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Alert: Fake medicines with Fentanyl

DEA Warns that International and Domestic Criminal Drug Networks are Flooding the United States with Lethal Counterfeit Pills

ST. LOUIS – Today, the Drug Enforcement Administration (DEA) issued a Public Safety Alert warning Americans of the alarming increase in the lethality and availability of fake prescrip- tion pills containing fentanyl and methamphetamine. DEA’s Public Safety Alert, the first in six years, seeks to raise public awareness of a significant nationwide surge in counterfeit pills that are mass-produced by criminal drug networks in labs, deceptively marketed as legitimate prescription pills, and are killing unsuspecting Americans at an unprecedented rate.

These counterfeit pills have been seized by DEA in every U.S. state in unprecedented quantities. More than 9.5 million counterfeit pills were seized so far this year, which is more than the last two years combined. DEA laboratory testing reveals a dramatic rise in the number of counterfeit pills containing at least two milligrams of fentanyl, which is considered a lethal dose. A deadly dose of fen- tanyl is small enough to fit on the tip of a pencil.

Counterfeit pills are illegally manufactured by criminal drug networks and are made to look like real prescription opioid medications such as oxycodone (Oxycontin®, Percocet®), hydrocodone (Vicodin®), and alprazolam (Xanax®); or stimulants like amphetamines (Adderall®). Fake prescription pills are widely accessible and often sold on social media and e-commerce platforms – making them available to anyone with a smartphone, including minors.

“The United States is facing an unprecedented crisis of overdose deaths fueled by illegally manufactured fentanyl and methamphetamine,” said Anne Milgram, Administrator of the Drug Enforcement Administration. “Counterfeit pills that contain these dangerous and extremely addictive drugs are more lethal and more accessible than ever before. In fact, DEA lab analyses reveal that two out of every five fake pills with fentanyl contain a potentially lethal dose. DEA is focusing resources on taking down the violent drug traffickers causing the greatest harm and posing the greatest threat to the safety and health of Americans. Today, we are alerting the public to this danger so that people have the information they need to protect themselves and their children.”

“DEA St. Louis Division has seized 179 kilograms of fen- tanyl this year, nearly as much as we seized in the previous two years,” said Special Agent in Charge Todd Zimmerman, head of DEA St. Louis Division, which includes the states of Missouri and Kansas, and southern Illinois. “That’s hundreds of thousands of pills that drug trafficking organizations never pressed into a pill that might kill someone. They don’t care about human life. We do, and DEA investigators are working hard to stop fentanyl from reaching our neighborhoods and taking more lives.”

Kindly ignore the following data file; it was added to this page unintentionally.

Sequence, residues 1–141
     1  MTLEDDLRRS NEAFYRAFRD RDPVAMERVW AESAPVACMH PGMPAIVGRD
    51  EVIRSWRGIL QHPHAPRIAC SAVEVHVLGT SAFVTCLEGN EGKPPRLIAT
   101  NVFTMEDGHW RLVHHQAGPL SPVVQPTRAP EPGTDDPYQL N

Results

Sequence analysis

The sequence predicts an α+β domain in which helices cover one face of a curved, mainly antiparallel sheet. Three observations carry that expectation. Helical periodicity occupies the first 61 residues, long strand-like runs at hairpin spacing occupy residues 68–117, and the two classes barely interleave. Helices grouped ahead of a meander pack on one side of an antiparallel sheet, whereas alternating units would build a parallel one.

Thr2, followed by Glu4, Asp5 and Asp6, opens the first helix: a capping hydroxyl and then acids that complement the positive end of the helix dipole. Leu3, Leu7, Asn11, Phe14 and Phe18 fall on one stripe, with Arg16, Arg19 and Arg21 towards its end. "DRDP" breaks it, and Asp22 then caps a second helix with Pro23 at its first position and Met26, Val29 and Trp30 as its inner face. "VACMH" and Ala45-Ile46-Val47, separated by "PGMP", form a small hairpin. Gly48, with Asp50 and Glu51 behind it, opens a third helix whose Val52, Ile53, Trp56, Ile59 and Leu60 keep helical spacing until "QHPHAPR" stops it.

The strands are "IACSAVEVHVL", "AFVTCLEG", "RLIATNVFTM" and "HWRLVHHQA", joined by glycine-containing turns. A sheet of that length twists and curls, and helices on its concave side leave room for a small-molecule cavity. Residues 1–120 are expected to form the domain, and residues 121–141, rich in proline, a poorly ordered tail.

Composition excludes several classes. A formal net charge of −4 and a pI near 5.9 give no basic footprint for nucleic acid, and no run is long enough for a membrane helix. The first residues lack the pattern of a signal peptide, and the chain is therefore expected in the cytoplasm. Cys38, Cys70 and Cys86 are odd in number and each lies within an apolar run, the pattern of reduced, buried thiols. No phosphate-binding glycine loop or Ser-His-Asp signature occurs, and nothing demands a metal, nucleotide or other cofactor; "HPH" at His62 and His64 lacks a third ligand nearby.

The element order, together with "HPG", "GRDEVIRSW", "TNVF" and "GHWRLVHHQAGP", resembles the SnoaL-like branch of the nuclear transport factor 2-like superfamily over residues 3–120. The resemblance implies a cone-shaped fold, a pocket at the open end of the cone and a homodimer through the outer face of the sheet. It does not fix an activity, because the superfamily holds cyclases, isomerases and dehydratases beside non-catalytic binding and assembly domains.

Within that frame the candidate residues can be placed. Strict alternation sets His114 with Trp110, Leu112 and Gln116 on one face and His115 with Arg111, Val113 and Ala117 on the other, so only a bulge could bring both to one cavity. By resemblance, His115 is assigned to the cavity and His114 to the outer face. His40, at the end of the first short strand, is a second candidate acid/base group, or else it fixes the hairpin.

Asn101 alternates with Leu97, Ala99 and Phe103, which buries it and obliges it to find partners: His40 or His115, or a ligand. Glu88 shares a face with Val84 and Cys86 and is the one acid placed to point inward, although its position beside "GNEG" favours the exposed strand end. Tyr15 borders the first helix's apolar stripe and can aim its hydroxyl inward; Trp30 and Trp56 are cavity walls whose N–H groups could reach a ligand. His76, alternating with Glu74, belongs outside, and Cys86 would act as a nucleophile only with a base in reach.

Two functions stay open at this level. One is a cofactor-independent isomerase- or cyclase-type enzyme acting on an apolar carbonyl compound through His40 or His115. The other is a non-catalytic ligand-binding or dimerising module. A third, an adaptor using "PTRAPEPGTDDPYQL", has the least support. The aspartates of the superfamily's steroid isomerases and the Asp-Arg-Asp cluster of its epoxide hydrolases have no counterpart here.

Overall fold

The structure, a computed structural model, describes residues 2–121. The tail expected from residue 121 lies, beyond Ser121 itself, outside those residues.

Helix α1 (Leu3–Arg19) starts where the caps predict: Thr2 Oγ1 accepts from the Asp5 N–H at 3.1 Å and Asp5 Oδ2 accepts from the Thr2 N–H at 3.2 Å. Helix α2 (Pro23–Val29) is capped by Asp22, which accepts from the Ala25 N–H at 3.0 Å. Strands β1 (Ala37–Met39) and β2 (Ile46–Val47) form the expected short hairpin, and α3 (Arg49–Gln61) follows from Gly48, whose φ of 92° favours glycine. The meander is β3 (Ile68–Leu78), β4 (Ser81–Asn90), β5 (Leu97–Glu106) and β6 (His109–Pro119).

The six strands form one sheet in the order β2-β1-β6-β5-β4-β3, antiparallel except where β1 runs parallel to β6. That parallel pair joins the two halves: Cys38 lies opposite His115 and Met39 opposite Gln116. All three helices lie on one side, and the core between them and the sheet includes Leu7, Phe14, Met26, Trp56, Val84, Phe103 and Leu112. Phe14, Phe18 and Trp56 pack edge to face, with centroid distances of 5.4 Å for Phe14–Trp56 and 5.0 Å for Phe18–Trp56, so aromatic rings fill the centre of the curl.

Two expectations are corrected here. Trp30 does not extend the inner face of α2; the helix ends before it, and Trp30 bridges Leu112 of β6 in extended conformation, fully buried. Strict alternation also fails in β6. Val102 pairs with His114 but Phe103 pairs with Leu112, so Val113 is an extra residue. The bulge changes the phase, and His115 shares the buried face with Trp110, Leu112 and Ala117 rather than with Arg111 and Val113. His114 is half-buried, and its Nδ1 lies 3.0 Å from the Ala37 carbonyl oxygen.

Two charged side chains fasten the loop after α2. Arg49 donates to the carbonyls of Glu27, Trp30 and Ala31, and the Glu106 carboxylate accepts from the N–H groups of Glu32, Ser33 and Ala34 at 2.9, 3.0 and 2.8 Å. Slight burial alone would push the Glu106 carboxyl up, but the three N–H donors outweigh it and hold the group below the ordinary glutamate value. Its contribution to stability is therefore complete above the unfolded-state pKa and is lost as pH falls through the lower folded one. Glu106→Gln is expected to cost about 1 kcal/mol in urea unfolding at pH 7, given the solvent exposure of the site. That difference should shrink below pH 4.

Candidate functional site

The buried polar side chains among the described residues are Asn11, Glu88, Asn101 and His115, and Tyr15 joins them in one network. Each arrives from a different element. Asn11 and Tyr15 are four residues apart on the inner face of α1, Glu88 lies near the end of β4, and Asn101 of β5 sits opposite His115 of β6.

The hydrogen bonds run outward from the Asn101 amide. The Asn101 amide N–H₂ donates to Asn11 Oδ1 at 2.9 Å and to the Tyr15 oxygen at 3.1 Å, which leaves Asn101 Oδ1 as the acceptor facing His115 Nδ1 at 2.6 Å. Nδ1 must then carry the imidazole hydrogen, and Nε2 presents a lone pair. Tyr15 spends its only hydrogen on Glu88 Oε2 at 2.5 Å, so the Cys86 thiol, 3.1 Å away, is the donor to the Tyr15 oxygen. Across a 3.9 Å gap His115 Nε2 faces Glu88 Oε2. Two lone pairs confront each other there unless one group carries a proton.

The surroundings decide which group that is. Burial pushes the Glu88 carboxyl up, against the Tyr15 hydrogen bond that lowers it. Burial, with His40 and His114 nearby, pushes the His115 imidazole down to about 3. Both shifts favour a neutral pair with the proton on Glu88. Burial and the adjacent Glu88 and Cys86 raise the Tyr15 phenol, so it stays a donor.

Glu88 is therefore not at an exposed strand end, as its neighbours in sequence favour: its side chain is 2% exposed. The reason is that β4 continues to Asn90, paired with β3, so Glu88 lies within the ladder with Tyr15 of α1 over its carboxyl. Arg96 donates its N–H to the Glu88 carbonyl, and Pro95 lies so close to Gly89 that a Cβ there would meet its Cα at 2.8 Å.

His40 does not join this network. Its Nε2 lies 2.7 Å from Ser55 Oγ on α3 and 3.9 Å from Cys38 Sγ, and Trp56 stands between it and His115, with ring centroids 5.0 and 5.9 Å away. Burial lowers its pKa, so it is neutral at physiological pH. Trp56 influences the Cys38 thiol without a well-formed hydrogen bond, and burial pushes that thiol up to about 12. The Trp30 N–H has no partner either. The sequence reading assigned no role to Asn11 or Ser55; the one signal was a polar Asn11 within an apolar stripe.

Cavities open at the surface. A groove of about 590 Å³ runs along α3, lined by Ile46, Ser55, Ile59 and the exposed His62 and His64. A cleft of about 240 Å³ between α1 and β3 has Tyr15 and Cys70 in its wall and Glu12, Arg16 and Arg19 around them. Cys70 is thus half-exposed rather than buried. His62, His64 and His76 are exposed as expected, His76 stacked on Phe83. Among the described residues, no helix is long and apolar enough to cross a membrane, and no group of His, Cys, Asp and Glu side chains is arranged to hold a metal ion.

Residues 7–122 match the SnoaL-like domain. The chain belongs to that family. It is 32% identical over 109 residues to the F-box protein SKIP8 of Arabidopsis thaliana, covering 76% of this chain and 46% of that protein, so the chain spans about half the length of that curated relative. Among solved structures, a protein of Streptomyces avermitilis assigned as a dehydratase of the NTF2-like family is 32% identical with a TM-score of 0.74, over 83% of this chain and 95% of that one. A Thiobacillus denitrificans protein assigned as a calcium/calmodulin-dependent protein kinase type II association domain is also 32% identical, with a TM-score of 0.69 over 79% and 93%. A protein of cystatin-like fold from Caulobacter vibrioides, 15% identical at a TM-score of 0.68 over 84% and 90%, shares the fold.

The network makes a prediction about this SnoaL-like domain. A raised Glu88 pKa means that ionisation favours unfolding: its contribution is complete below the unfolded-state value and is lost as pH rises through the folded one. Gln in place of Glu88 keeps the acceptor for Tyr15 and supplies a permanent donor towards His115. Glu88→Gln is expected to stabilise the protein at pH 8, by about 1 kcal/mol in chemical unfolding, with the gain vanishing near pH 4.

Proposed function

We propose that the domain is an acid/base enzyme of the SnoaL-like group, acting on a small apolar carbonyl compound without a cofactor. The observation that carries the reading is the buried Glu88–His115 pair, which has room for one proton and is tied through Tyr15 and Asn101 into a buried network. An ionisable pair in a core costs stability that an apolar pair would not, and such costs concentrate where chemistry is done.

DEA St. Louis Division fentanyl seizures for the last four years: FY2018 – 36 kilograms

FY2019 – 104 kilograms FY2020 – 82 kilograms FY2021 – 179 kilograms

The vast majority of counterfeit pills brought into the United States are produced in Mexico, and China is supplying chemicals for the manufacturing of fentanyl in Mexico.

The drug overdose crisis in the United States is a serious public safety threat with rates currently reaching the highest level in history. Drug traffickers are using fake pills to exploit the opioid crisis and prescription drug misuse in the United States, bringing overdose deaths and violence to American communities. According to the Centers for Disease Control and Prevention (CDC), more than 93,000 people died of a drug overdose in the United States last year. Fentanyl, the synthetic opioid most commonly found in counterfeit pills, is the primary driver of this alarming increase in overdose deaths.

Drug trafficking is also inextricably linked to vio- lence. This year alone, DEA seized more than 2,700 firearms in connection with drug trafficking investigations – a 30% increase since 2019. DEA remains steadfast in its mission to protect our communities, enforce U.S. drug laws, and bring to justice the foreign and domestic criminals sourcing, producing, and distributing illicit drugs, including counterfeit pills.

This alert does not apply to legitimate pharmaceuti- cal medications prescribed by medical professionals and dispensed by licensed pharmacists. The legitimate prescription supply chain
is not impacted. Anyone filling a prescription at a licensed pharmacy can be confident that the medica- tions they receive are safe when taken as directed by a medical professional.

The issuance of today’s Public Safety Alert coincides with the launch of DEA’s One Pill Can Kill Public Awareness Campaign to educate the public of the dangers of counterfeit pills. DEA urges all Americans to be vigilant and aware of the dangers of counterfeit pills, and to take only medications prescribed by a medical professional and dispensed by a licensed pharmacist. DEA warns that pills purchased outside of a licensed pharmacy are illegal, dangerous, and potentially lethal. For more information, visit ll.

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